Configure Houdini Operators with Event Scripts

Ah yes, the good old Geometry node in Houdini. What would we do without it? By default, when we place down a Geometry node, our little friend creates a File operator at the Geometry level. At first it’s cute. Sort of like when your cats knock crap off the shelves. So funny!

Scrambles Attacks
Scrambles Attacks

However, after a while it gets quite annoying. Drop a geo node, dive inside, delete File operator. Rinse and repeat. I appreciate the gesture but I can drop my own File node when I need it, thank you very much! Fortunately, in typical Houdini fashion, we are able to configure this behavior. One way we can accomplish this is by configuring operators in Houdini with Event Scripts.

Event scripts

Houdini can run scripts in response to certain events. For example, when Houdini first launches, it runs the 123.cmd script to configure the environment. It can also run the 456.cmd script for when you create or open a scene file. You can also have scripts that perform an action when an object is selected in the viewport. As you can imagine, event scripts are called when creating operators. This is very useful for customizing the behavior of built-in operators.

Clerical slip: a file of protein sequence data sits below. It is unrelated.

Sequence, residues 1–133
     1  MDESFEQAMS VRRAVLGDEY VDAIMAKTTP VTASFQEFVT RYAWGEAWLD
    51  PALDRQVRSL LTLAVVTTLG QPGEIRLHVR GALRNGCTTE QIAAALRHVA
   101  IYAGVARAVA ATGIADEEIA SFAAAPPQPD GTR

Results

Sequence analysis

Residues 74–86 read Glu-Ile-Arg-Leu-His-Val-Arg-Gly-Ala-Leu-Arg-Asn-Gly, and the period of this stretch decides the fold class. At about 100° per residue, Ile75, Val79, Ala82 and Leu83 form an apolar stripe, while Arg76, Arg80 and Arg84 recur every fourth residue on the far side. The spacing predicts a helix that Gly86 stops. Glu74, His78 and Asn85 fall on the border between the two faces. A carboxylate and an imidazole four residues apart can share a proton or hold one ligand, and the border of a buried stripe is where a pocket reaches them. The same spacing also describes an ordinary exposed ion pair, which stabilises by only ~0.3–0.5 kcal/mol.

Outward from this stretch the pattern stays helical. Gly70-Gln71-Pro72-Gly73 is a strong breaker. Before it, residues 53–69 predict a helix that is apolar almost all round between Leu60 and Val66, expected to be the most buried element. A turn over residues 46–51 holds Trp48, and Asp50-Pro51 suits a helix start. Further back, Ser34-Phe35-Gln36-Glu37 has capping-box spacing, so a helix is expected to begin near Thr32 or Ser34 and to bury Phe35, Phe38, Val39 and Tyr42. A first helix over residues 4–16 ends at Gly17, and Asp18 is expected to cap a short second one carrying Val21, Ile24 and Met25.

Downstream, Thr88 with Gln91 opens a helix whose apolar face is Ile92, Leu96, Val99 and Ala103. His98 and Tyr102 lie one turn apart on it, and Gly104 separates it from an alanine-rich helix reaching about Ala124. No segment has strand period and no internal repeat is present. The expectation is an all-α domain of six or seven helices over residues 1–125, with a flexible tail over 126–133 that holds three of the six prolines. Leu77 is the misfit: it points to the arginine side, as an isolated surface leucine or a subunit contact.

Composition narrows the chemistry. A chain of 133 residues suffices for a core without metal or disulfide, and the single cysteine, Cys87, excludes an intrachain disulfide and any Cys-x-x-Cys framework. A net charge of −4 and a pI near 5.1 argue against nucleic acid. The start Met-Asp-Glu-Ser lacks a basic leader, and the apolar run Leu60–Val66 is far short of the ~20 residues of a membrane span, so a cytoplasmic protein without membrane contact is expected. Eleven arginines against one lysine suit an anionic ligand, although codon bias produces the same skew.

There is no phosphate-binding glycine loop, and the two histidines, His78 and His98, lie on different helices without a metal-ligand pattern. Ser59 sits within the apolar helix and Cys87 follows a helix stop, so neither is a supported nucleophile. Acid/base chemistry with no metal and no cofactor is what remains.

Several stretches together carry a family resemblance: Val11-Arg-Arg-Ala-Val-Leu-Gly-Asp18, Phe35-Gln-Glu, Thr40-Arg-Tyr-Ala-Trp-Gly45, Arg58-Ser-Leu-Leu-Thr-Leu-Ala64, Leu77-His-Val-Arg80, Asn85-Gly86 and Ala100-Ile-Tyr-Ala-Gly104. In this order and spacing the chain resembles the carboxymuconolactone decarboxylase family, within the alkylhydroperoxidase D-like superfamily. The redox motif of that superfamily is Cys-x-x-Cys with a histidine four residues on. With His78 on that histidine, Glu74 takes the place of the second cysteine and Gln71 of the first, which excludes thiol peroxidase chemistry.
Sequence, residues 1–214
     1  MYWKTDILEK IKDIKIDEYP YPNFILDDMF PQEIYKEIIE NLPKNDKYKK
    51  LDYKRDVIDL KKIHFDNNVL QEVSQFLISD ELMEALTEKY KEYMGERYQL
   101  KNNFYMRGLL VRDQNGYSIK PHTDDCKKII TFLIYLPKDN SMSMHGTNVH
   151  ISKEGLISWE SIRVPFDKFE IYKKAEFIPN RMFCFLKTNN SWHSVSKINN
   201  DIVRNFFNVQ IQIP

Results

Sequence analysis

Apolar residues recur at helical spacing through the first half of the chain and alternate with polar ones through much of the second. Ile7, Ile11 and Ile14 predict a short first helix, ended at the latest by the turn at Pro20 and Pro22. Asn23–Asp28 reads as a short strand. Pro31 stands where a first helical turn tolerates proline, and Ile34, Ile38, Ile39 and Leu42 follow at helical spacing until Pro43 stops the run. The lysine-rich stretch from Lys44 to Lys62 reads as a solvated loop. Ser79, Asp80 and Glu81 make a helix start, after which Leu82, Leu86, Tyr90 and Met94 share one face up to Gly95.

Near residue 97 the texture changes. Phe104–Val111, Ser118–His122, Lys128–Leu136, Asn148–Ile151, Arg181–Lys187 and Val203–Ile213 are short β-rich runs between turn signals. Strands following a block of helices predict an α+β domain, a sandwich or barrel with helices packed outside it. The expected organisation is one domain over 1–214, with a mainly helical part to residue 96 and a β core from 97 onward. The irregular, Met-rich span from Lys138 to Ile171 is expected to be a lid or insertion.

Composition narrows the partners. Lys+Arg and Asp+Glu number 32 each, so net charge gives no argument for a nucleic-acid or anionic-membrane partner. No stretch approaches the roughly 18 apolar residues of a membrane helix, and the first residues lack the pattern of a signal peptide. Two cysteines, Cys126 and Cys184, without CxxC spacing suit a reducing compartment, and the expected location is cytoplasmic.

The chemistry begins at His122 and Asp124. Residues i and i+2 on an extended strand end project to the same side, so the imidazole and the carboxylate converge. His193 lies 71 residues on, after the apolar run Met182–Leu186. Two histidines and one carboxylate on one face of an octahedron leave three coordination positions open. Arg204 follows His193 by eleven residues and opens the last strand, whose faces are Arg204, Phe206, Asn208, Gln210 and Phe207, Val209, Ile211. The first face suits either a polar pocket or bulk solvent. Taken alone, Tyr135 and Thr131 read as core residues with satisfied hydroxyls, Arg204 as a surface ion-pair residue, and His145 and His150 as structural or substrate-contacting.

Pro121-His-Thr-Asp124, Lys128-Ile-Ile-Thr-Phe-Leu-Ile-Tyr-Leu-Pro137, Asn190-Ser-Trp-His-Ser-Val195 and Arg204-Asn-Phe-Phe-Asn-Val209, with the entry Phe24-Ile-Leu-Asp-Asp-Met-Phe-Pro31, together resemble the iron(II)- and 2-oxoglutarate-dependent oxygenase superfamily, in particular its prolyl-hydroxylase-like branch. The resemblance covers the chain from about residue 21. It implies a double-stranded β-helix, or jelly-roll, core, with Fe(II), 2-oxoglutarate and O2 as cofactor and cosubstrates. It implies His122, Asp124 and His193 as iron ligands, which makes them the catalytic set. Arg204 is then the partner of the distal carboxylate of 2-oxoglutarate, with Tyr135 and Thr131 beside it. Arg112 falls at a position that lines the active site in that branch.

When you create certain operators, Houdini runs a corresponding script that performs various tasks. This may include preserving compatibility with older versions of Houdini, setting up some default parameters, or in our case, creating other operators i.e File operator.